His great-grandfather witnessed a lynching. Could I help?

R.P.C. Sanderson (Courtesy of The Rev. Peter Getz)

In his email to me, The Rev. Peter Getz said that his great-grandfather had witnessed a lynching in Farmville, Va. But later, when he wrote about the incident, he did not date the entry or provide many details. Getz asked if I could help.

“I would like to share the account with you in hopes that you might be able to put a name and date on the lynching,” Getz wrote.

Getz lives in Texas and found me on the internet. His great-grandfather, R.P.C. Sanderson, lived in Roanoke in the 1880s and traveled throughout Virginia for the Norfolk & Western Railway. Sanderson was at the window of his room at the Prince Edward Hotel on Main Street in downtown Farmville when he saw riders gallop into town and heard banging and gunfire. The next day a man was hanging from a tree at the edge of town.

I thought I could help Getz, and I was excited to read what Sanderson had written. In my experience, eyewitness accounts of the type Sanderson wrote are rare.

Newspaper stories about lynchings were usually written after the incidents. As a former reporter and editor, I can imagine how a reporter working in Farmville or Roanoke or Charlottesville during the worst of the lynch era might arrive for work to learn that a lynching had occurred overnight. I can see the reporter interviewing people, visiting the scene, doing as much as he could, as fast as he could, to write a story on deadline. At least that’s how most of the stories read today: workmanlike accounts with little more than the obligatory who, what, when, where and why.

However, a handful of stories were written by reporters who witnessed the mob’s murders. Take the account of Joseph McCoy’s death in Alexandria in 1887. A reporter for the Alexandria Gazette witnessed the attack on the city jail, where McCoy was being held on an assault charge.


McCoy had become terribly frightened and had climbed up on the door and was secreted near the ceiling. The mob supposed they were in the wrong cell, and were about to leave for another when one of McCoy’s legs was discovered. He was pulled down with a yell and dragged to the pavement and the mob surged toward Cameron Street with him.


Similarly, a reporter for the Richmond Dispatch painted a vivid picture of the lynching of accused murderer Walter Cotton in Emporia in 1900:


Just in front of the courthouse was an old sycamore tree which had a branch growing from its trunk at right angles about 20 feet from the ground. To this the negro, numb from the effect of his shackles, was dragged, and two young men started to climb the tree to adjust the rope over the limb. One fell back, however, and the other being boosted by those on the ground soon reached the limb.

It was but the work of a moment for him to toss the rope over the limb, and then someone cried, ‘Everybody catch hold of the rope.’ In a second Cotton was drawn up to the limb of the tree, his forehead being badly gashed by a protruding limb.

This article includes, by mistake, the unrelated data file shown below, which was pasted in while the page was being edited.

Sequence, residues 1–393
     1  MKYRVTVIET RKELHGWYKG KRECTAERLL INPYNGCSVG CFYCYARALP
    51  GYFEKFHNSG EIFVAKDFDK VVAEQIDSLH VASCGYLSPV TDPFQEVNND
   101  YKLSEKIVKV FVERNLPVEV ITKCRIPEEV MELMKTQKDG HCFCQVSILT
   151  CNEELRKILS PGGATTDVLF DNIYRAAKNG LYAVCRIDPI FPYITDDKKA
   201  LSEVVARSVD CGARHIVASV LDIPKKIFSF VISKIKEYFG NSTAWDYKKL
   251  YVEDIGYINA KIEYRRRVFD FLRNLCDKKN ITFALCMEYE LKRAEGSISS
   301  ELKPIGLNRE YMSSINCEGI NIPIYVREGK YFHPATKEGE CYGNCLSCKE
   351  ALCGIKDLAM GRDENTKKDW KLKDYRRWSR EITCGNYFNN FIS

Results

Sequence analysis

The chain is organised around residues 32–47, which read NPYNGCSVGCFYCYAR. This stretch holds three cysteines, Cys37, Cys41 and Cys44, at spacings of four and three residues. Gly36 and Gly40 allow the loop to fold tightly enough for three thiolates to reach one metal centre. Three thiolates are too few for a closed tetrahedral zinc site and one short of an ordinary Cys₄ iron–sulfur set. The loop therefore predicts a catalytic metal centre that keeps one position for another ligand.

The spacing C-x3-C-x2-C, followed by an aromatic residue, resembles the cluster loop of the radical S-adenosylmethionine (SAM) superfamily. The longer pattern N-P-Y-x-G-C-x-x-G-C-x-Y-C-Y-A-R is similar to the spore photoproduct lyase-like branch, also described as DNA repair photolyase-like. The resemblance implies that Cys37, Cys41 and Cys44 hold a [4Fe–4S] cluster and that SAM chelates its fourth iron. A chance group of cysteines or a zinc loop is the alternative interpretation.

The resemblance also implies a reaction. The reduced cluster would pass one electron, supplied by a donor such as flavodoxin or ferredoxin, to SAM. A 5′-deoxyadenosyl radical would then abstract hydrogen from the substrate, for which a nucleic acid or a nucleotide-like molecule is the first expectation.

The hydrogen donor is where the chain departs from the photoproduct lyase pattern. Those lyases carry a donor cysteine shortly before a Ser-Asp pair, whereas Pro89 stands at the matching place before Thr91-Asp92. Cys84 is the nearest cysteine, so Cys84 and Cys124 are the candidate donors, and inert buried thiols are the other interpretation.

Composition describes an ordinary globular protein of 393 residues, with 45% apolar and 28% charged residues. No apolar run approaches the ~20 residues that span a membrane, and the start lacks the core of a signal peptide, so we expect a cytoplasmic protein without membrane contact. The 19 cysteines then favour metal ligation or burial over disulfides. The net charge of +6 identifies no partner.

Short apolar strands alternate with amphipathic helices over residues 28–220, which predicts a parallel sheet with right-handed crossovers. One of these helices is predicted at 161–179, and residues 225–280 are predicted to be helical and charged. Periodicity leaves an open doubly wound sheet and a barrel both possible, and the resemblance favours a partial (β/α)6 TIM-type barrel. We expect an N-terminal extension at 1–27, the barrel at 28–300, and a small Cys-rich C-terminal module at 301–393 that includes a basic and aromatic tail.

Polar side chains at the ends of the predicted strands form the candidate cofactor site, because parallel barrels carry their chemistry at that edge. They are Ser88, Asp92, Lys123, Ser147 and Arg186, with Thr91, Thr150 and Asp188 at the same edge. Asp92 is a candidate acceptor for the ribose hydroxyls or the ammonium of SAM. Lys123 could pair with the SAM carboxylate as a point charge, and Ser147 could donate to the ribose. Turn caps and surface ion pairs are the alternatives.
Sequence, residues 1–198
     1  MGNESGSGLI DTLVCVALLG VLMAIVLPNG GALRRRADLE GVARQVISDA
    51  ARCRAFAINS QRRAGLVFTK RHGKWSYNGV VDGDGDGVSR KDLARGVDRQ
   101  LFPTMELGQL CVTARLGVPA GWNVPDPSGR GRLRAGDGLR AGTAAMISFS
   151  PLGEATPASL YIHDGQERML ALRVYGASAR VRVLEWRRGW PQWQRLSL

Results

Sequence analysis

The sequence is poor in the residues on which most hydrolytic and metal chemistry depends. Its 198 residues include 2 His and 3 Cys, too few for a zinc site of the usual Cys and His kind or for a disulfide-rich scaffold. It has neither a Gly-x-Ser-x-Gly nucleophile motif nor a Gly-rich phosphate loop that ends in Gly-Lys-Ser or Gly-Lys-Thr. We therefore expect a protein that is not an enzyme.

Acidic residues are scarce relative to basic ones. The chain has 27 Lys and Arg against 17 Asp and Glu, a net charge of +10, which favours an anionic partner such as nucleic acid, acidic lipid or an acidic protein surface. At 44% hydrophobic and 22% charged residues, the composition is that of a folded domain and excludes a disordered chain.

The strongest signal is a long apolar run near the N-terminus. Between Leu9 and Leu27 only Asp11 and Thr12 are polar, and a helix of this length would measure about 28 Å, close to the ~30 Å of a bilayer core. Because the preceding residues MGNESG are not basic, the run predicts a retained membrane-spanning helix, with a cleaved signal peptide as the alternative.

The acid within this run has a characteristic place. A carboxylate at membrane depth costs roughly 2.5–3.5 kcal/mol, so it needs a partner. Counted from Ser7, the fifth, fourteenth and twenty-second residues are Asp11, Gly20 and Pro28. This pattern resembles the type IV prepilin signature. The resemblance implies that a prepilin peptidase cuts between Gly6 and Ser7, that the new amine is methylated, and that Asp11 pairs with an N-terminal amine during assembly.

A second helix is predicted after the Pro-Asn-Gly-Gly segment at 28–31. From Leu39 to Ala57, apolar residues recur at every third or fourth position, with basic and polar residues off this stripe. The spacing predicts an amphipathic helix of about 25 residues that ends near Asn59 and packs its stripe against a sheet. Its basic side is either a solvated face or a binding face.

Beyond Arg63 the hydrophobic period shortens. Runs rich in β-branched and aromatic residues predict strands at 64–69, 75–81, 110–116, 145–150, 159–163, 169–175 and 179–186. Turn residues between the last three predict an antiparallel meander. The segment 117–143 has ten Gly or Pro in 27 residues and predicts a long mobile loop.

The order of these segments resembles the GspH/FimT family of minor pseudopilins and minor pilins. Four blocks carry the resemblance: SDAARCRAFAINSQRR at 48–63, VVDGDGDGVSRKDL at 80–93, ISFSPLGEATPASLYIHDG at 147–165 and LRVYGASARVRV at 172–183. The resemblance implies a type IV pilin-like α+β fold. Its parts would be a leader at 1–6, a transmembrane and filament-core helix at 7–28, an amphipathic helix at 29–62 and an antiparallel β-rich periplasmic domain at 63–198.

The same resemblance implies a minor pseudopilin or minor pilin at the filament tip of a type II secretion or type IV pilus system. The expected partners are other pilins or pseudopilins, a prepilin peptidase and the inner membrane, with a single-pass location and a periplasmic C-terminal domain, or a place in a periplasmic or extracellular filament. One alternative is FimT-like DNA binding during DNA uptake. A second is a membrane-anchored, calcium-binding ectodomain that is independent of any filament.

Sanderson, too, was a careful observer that night in Farmville.


I heard horses come clattering along the street. Mounted men came along two by two, dropping a guard at each cross street intersection, the main body went on to the courthouse. There was some banging and battering, then the procession returned in like manner, and all was quiet till I heard a rattle of shots.


A pre-World War II postcard of Main Street, looking south, in downtown Farmville. (Courtesy of Boston Public Library.)

Even though Virginia had more than 100 lynchings during the lynch era, 1878-1932, Farmville had only one. So I told Getz that his great-grandfather had witnessed the August 1888 lynching of Archer Cook, at least what he could see and hear from his hotel window. Newspaper stories published the next day supplied the missing details:

Cook, 22, was black and in jail, accused of rape, though his relationship with a young white woman may have been consensual. Cook’s trial was postponed several times when the young woman said she was too sick to testify. Tired of waiting, local residents decided to act.

At the courthouse that night, they broke through the brick walls of the jail, removed Cook and rode away. The men hurried Cook to the nearest woods and hanged him from an oak tree. They fired 25 shots at him, then galloped off, “leaving a terribly mangled corpse,” according to one news report. Sanderson wrote that he recognized one of the riders as a railroad employee and spoke to him later about the incident. Even so, no one was ever charged with killing Cook or vandalizing the jail.

What distinguishes Sanderson’s account and the other eyewitness stories are the details, almost cinematic in their power. We can see McCoy hiding on top of his cell door, Cotton’s gashed forehead in Emporia, and the riders peeling away to guard the cross streets in Farmville. These details allow readers, then and now, to better understand the horror of what happened. With lynching stories, the devil truly is in the details.


Please join me for my next book talk. It is scheduled for Sunday, March 18, 2018, at 2 p.m. I will be the guest of the Mosby Heritage Area Association at The Hill School, 130 South Madison St., Middleburg, Va.


Have thumb drive, will travel